Painless diabetes sensor approved for kids

Sarah Wiedersehn
(Australian Associated Press)

Young Australians living with type 1 diabetes now have access to a “revolutionary” laser glucose monitoring system that does away with time-consuming and painful finger pricks.

The FreeStyle Libre system – made by pharmaceutical company Abbott – has been approved for sale for diabetics aged 4 to 17 by the Therapeutic Goods Asministration (TGA).

The system reads glucose levels through a sensor worn on the back of the upper arm.

Endocrinologst Professor Maria Craig at The Children’s Hospital at Westmead says the technology will relieve the pain of multiple daily finger pricks and the anxiety of managing the disease.

“It is wonderful that our patients and all children living with diabetes in Australia have more options available to them for monitoring blood glucose levels,” she said.

Victorian teen Jack Double says he’s more than pleased to do away with the finger pricking after being diagnosed with type 1 diabetes at age one.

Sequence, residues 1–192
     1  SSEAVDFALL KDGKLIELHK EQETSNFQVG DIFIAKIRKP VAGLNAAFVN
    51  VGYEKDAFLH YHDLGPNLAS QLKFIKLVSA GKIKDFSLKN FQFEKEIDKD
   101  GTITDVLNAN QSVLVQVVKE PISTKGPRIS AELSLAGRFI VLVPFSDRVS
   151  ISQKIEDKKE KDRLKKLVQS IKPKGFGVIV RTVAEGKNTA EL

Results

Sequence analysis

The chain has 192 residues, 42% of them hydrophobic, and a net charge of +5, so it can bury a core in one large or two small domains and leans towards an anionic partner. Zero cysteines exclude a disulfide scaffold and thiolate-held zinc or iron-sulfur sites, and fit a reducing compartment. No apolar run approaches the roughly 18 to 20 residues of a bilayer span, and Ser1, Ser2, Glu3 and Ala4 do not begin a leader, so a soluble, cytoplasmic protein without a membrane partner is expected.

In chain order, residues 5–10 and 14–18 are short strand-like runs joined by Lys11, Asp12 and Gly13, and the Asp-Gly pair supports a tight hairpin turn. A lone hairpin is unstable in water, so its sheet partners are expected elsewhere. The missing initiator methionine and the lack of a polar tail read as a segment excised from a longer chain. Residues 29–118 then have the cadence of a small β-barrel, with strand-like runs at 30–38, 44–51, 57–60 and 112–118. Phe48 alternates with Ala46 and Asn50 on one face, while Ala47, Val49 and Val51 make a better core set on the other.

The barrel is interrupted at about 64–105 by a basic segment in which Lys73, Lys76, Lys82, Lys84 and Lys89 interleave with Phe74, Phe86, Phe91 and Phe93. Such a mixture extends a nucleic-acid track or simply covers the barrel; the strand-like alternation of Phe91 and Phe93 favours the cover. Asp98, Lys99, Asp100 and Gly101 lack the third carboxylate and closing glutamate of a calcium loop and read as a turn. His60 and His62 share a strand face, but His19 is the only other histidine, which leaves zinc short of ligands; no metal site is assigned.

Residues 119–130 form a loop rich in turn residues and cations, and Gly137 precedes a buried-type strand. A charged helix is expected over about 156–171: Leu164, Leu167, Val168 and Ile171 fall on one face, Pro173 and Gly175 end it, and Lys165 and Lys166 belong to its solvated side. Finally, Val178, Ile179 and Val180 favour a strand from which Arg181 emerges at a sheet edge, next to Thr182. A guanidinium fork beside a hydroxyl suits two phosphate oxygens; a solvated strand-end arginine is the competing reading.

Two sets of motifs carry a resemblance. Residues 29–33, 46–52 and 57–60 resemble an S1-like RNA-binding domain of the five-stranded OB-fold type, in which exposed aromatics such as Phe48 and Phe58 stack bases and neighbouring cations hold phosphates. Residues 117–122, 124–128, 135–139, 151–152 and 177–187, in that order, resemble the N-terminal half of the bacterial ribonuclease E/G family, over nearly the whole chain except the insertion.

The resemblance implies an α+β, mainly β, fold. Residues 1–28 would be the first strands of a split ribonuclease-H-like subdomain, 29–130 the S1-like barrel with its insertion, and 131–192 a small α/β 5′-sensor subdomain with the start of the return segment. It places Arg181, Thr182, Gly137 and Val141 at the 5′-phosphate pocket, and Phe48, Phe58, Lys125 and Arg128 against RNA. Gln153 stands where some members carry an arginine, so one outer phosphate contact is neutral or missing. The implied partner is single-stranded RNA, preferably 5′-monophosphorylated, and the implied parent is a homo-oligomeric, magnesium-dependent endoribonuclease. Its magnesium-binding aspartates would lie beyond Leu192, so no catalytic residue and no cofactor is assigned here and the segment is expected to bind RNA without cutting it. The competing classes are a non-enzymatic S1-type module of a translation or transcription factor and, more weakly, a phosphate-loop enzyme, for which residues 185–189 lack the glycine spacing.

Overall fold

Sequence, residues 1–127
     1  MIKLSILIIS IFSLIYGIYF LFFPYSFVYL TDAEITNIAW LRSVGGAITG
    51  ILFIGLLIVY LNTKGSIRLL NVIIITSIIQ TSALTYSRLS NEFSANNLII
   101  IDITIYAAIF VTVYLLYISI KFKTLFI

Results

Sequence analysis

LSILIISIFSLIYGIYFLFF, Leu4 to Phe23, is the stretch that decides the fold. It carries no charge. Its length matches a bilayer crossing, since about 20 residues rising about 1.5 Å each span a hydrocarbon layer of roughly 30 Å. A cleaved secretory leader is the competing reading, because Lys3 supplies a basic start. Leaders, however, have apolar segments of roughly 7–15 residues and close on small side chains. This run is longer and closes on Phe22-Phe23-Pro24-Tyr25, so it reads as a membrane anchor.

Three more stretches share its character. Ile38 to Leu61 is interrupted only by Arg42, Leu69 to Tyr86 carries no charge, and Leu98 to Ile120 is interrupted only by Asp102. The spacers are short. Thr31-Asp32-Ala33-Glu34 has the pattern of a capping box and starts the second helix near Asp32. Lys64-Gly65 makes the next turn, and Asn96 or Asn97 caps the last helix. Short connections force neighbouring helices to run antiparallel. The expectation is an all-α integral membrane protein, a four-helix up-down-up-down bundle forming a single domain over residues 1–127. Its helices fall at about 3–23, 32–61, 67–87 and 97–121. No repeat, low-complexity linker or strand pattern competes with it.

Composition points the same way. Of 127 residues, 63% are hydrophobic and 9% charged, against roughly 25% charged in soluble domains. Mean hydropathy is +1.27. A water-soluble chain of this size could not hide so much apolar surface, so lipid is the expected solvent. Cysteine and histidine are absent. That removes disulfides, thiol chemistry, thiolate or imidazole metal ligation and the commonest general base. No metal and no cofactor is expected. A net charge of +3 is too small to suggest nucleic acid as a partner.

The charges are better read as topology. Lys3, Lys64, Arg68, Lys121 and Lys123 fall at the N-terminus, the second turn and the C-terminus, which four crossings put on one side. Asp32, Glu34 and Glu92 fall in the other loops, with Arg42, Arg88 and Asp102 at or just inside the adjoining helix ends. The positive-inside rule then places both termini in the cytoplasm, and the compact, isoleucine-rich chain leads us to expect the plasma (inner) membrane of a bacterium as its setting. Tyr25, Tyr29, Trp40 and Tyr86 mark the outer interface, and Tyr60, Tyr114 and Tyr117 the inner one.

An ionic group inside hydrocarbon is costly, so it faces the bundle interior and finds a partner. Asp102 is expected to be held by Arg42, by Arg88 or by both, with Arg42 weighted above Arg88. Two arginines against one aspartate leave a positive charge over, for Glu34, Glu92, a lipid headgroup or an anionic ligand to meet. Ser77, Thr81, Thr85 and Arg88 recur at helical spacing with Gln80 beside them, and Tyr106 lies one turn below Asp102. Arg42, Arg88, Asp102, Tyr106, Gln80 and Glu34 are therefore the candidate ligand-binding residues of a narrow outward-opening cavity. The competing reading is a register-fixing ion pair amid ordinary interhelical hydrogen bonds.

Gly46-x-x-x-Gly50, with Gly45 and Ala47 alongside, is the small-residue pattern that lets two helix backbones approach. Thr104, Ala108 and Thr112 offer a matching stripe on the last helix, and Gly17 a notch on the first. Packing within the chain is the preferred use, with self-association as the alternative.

The easy-to-use system also means it fits well into the 14-year-old’s active lifestyle.

“Instead of spending a long time pressing my finger I can easily just scan on my arm and get a reading straight away. It’s a lot easier now because even during a game if I had to I could scan very easily,” he said.

His mum Sal Double says monitoring Jack’s glucose levels overnight is now particularly easy.

“Because Jack plays so much sport there is a lot a variability that’s really hard to predict,” she said.

“We just find overnight instead of me trying to dig out a hand while he’s a sleep I can just scan and get some indication of where his glucose levels are at.

“The extra information it provides is just invaluable.”

Abbott’s reginal director of Diabetes Care says FreeStyle Libre’s technology offers a comprehensive way to manage diabetes discreetly, painlessly and conveniently.

Diabetes Australia has welcomed Tuesday’s announcement.

“We support new technology that makes it easier for people to better self-manage their condition, to reduce diabetes-related complications and ultimately improve health outcomes,” said Professor Johnson.

At $92 dollars per sensor, which lasts two weeks, there are calls for more government subsidies to make the technology more affordable.


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